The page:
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Design Technology in the Early Years

Children's learning in design technology begins in the Early Years where the foundations for future knowledge, skills development and acquisition and understanding are laid down. Learning if design technology is delivered through the Knowledge and Understanding of the World strand of the EYFS curriculum. 

From birth children are making choices and decisions (evaluating), mainly about their food and their toys. At first, parents are making those decisions and gradually, as children interact with the world, they engage in different ways and show preferences for different products making informed decisions. Children are naturally curious about the world around them and this needs to be fostered and encouraged in early years and as the children move into the more formal curriculum in Key Stages 1 & 2.

The Early Years Curriculum supports learning in Design Technology through:

  • Adults fostering children’s curiosity and creativity through asking questions.

  • A learning environment that is set up for children to explore, particularly different structures and mechanisms.

  • Encouraging role pay and developing real-life play opportunities by creating builders yards, DIY shops, textile shops, and cafes where children have  designed and made some of the products within them.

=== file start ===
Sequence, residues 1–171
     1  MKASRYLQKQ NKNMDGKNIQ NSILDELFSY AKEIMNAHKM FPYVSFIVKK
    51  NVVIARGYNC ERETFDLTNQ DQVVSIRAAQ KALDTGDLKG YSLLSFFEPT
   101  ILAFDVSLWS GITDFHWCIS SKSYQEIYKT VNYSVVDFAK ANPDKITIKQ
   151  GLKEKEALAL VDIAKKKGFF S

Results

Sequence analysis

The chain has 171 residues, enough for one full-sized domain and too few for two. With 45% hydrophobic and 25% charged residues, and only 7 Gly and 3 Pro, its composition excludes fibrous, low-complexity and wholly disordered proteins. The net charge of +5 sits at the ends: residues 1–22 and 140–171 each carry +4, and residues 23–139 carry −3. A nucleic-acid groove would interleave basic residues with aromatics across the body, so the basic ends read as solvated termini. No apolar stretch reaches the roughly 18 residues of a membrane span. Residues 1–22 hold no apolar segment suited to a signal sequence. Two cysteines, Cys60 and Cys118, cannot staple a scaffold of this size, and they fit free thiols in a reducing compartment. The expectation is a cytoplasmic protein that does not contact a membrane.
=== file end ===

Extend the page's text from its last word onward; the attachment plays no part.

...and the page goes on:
• Encouraging risk taking. Letting children try things out and not worrying if they fail the first time.

  • Developing a ‘can do’ approach to learning.

  • Using occasions such as school events, celebrations and festivals to provide opportunities for authentic activities around designing and making products – particularly using food and making cards.

In developing provision for Design Technology in EYFS we can group the provision into four main areas:

Construction

  • Making things using a range of materials such as wooden blocks, sand and water play and using construction kits.

  • Making things for a purpose, beginning to change and adapt their ideas whilst they are constructing.

  • Reflecting upon and refining their final creations.

  • Creating simple products such as a paper carrier bag or a spoon puppet.

 

Cooking

Simple guided cookery activities lay the foundations for further work later in the school. Children have the opportunity to add and combine different ingredients learning techniques such as stirring.

 

Exploring

  • Giving the children opportunities to explore through  Tinker Tables and though taking things apart to discover how things work and how they are made.

  • Giving the children opportunities to explore and experience different materials and their properties

This lays the groundwork for future learning around evaluating existing products, understanding systems and how they make things work.

 

Using a Range of Tools

  • Introducing children to tools and equipment such as staplers sticky tape, scissors or simple cookery equipment, knowing what to use them for and how to use them correctly.

  • As children experience using different tools they will get better at using them and develop an understanding of choosing the correct tool for the task.

And the key element that binds this altogether is children discussing their learning, encouraging them to ask challenging questions  and developing and extending their vocabulary.

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